In the Journals

Gene expression patterns identify high-risk chronic lymphocytic leukemia

A 290-gene expression signature and IGHV mutation status stratified patients with chronic lymphocytic leukemia to identify those with high-risk disease who might benefit from prompt initiation of therapy, according to a study published in Frontiers in Oncology.

Although CLL treatment is typically delayed until disease progression, it is uncertain whether patients would benefit from treatment immediately following diagnosis, when they have a smaller tumor mass and are in better physical condition.

Researchers have discovered new drivers of CLL, and RNA sequencing offers an opportunity to identify additional biomarkers that might predict disease progression and treatment benefit in order to better risk-stratify patients, according to the researchers.

“In fact, previous efforts to improve CLL risk stratification based on RNA sequencing data have demonstrated impressive results, but the clinical application is difficult due to the expense of extensive technical and bioinformatics efforts,” Adrián Mosquera Orgueira, MD, hematology resident of cancer genomics research and bioinformatics at Health Research Institute of Santiago de Compostela, and colleagues wrote. “Therefore, there is a need for smaller transcriptomics patterns correlated with disease evolution for medical use.”

Orgueira and colleagues used RNA sequencing data from the International Cancer Genome Consortium CLL cohort to identify gene expression trends that are associated with clinical disease evolution and time to first treatment. The analysis included a test cohort of 196 patients (median age at diagnosis, 63 years; 60.7% men) and a validation cohort of 79 patients (median age at diagnosis, 62 years; 69.62% men).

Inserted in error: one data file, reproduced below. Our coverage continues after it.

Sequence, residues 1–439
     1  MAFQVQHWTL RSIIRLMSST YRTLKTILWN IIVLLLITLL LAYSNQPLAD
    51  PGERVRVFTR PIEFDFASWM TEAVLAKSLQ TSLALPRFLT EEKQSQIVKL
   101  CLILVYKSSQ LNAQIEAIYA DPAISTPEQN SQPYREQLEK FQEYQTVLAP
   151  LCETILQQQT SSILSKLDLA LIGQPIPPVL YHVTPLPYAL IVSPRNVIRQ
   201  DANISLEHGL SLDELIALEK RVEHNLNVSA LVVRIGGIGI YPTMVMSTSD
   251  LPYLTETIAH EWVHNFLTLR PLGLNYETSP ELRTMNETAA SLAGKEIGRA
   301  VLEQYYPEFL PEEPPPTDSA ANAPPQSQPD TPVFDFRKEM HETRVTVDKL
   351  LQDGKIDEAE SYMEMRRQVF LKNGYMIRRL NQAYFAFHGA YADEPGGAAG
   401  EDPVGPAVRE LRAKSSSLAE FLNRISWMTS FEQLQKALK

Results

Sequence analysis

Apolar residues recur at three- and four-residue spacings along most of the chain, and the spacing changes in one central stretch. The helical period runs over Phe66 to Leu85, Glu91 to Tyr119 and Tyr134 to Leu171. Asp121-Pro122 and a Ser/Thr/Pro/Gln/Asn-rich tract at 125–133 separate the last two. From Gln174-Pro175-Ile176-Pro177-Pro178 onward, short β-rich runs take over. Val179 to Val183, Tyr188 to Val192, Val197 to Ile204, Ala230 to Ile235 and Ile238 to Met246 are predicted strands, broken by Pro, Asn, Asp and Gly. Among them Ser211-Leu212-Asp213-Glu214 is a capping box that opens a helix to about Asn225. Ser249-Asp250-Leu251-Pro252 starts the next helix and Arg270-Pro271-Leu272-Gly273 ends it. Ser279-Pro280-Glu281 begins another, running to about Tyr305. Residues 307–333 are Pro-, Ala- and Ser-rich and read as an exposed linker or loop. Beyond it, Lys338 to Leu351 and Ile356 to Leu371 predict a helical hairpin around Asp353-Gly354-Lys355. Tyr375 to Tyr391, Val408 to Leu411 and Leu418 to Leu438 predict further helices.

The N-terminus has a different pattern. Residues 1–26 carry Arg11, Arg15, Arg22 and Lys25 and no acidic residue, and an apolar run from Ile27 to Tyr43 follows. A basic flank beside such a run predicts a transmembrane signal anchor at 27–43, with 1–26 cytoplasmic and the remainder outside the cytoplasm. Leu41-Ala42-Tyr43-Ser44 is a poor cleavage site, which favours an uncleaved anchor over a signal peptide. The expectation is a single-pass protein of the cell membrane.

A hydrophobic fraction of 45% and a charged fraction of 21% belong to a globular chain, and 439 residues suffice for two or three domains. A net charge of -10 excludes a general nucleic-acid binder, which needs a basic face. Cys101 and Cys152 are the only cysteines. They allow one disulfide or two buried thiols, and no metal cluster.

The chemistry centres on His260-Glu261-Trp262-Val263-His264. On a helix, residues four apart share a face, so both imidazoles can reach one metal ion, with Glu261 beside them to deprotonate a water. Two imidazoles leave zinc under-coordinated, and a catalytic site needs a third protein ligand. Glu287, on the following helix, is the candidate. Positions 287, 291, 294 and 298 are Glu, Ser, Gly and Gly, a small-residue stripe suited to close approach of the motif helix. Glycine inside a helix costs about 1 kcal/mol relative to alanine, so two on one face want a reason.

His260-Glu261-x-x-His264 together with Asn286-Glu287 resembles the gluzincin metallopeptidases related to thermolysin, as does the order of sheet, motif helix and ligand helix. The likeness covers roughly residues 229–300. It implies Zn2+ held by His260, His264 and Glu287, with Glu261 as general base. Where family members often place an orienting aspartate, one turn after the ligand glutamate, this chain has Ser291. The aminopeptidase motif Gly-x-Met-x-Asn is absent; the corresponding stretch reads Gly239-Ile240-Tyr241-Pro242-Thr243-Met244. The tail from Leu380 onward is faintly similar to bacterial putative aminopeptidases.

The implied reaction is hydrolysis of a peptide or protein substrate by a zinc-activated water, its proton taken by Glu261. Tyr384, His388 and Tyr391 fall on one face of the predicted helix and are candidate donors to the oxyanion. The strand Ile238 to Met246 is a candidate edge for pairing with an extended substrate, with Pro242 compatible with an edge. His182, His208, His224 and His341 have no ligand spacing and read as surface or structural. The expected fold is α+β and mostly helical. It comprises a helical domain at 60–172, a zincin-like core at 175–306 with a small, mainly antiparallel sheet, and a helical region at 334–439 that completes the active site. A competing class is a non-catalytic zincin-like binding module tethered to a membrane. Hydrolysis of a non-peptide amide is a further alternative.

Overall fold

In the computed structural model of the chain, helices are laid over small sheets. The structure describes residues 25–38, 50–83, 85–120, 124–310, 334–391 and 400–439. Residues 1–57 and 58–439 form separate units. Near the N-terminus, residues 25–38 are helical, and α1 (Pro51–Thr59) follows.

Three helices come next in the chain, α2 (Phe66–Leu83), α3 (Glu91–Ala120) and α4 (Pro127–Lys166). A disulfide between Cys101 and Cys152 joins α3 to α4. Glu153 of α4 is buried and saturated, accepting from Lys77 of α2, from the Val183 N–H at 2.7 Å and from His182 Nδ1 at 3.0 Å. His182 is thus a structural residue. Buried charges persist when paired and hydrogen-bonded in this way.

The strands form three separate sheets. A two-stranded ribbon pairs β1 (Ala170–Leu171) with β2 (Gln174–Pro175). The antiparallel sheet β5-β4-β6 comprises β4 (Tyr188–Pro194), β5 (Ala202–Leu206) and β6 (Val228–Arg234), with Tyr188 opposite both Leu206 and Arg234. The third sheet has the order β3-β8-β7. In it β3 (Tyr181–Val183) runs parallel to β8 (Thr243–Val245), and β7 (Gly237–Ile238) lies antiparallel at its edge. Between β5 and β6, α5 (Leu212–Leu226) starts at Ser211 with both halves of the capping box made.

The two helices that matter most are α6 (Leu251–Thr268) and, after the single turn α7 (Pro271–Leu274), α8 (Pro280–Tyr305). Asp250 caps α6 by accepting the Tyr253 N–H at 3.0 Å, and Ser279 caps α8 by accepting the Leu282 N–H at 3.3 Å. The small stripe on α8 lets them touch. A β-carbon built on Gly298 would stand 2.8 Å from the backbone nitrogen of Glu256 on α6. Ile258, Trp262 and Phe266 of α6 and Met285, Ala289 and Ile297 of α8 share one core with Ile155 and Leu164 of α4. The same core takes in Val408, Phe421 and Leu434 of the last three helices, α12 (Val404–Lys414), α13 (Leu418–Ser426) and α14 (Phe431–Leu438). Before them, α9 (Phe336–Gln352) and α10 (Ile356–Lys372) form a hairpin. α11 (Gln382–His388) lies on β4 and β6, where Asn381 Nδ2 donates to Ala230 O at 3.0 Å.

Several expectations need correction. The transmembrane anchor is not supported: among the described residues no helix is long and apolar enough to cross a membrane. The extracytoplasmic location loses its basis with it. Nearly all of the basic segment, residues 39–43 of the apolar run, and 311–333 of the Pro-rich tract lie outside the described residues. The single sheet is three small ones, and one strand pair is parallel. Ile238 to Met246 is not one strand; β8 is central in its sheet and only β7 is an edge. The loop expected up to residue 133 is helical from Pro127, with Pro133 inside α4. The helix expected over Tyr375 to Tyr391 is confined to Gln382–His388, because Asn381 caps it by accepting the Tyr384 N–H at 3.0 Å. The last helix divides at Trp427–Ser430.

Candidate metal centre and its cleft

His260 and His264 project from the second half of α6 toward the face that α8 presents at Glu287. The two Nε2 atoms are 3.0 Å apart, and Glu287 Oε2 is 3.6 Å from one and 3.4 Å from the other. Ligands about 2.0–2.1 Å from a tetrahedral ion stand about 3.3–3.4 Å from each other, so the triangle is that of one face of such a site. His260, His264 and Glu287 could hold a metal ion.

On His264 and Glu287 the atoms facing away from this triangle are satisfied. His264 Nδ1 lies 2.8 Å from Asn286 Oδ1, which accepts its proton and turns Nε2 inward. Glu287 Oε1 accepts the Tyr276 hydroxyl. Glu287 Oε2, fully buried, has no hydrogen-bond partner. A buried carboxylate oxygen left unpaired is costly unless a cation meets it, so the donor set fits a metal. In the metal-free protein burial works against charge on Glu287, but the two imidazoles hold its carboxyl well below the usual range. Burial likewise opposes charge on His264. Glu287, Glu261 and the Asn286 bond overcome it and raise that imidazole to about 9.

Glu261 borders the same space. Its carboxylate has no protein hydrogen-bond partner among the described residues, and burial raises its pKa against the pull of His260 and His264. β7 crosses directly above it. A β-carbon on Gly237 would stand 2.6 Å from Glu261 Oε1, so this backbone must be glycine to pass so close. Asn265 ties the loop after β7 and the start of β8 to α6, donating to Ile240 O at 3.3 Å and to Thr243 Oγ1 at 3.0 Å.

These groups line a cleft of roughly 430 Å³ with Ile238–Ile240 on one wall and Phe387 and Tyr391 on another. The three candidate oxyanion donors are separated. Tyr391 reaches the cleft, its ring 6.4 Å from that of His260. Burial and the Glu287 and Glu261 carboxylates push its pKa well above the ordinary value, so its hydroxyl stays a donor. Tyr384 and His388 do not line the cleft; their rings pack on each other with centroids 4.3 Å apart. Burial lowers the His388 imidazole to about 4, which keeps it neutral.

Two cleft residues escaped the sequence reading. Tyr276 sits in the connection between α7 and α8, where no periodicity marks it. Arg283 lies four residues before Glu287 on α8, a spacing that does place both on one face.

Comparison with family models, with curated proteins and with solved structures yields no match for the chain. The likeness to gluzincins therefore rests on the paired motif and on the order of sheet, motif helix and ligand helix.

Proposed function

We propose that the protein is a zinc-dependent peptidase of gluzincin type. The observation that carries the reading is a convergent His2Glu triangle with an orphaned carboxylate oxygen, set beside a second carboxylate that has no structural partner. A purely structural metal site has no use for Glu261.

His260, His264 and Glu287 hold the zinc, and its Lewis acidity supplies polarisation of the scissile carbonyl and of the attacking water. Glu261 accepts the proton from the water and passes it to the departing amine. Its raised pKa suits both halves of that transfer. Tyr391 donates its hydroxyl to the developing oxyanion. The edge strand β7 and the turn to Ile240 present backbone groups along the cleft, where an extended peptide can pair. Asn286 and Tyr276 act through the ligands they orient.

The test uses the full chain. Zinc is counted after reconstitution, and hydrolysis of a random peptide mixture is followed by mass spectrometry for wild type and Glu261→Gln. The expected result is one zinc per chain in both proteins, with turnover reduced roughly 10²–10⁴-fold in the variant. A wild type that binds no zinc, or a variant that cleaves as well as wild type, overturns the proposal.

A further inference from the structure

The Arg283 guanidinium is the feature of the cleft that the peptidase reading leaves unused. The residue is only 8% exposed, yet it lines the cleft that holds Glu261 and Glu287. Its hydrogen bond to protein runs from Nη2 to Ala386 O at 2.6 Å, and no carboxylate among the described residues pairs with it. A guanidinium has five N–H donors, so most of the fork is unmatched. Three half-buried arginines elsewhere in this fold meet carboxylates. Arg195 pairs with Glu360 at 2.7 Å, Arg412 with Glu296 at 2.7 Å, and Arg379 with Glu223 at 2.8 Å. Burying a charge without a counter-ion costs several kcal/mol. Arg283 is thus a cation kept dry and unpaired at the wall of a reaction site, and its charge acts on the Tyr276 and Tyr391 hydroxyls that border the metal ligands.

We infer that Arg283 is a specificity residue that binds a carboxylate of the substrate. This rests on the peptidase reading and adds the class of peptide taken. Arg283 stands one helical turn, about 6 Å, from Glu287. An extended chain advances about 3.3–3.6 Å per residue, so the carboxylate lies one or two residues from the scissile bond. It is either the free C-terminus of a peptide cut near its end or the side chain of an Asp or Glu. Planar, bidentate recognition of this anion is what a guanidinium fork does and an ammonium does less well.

The researchers created a Cox regression model with gene expression, donor sex and CLL stage at diagnosis as independent variables. They found 2,198 genes significantly correlated with time to first treatment.

After adjusting for IGHV status, researchers isolated 19 gene sets that clustered samples into two groups that appeared significantly linked to time to first treatment (Bonferroni-adjusted P < .01).

Cluster 2 — which researchers identified as the most prognostic cluster — contained 290 transcripts and showed a highly significant association with time to first treatment when controlling for IGHV mutation status (P = 6.4 x 10-7). This association persisted in the validation cohort (P = 3.05 x 10–3).

Patients in cluster 2 — which included 36.7% of patients in the test cohort and 34.1% in the validation cohort — demonstrated a more favorable prognosis than those in cluster 1. Cluster 2 comprised 51.5% of IGHV-mutated patients and 6.4% of IGHV-unmutated patients from the test cohort, and 55.5% of IGHV-mutated patients and 5.8% of IGHV-unmutated patients from the validation cohort.

Using this 290-gene expression signature and IGHV mutation status, researchers stratified patients into four groups — defined by a high- or low-risk transcriptomic profile with or without mutated IGHV — with markedly different time to first treatment.

Patients with mutated IGHV and a low-risk transcriptomic profile only needed treatment in approximately 25% of cases during disease evolution. Patients with mutated IGHV and a high-risk transcriptomic profile, as well as those with unmutated IGHV and a low-transcriptomic profile, demonstrated an intermediate risk for evolution. However, patients with unmutated IGHV and an adverse transcriptomic profile had the highest likelihood of needing treatment in the first year following diagnosis.

Researchers then sought to develop an artificial intelligence algorithm that would predict a patient with CLL’s need for therapy during the first 5 years following diagnosis. To do so, they created models with all genes associated with time to first treatment with a false discovery rate of 5%, which they tested in 222 patients who had a follow-up of at least 5 years or who had been treated in the first 5 years following diagnosis.

A model with a 2.5% learning rate showed 90% precision and 69.2% recall in determining which patients would need treatment in 5 years. This model demonstrated 88.57% precision in identifying patients who didn’t need treatment in 5 years with 96.88% recall.

“Here we present patterns of gene expression that can improve CLL patient risk stratification with a relatively small set of the transcriptome,” the researchers wrote. “These results may pave the way for the design of new treatment strategies involving early CLL treatment in high-risk patients before disease progression.” – by Jennifer Byrne

Disclosures: The researchers report no relevant disclosures.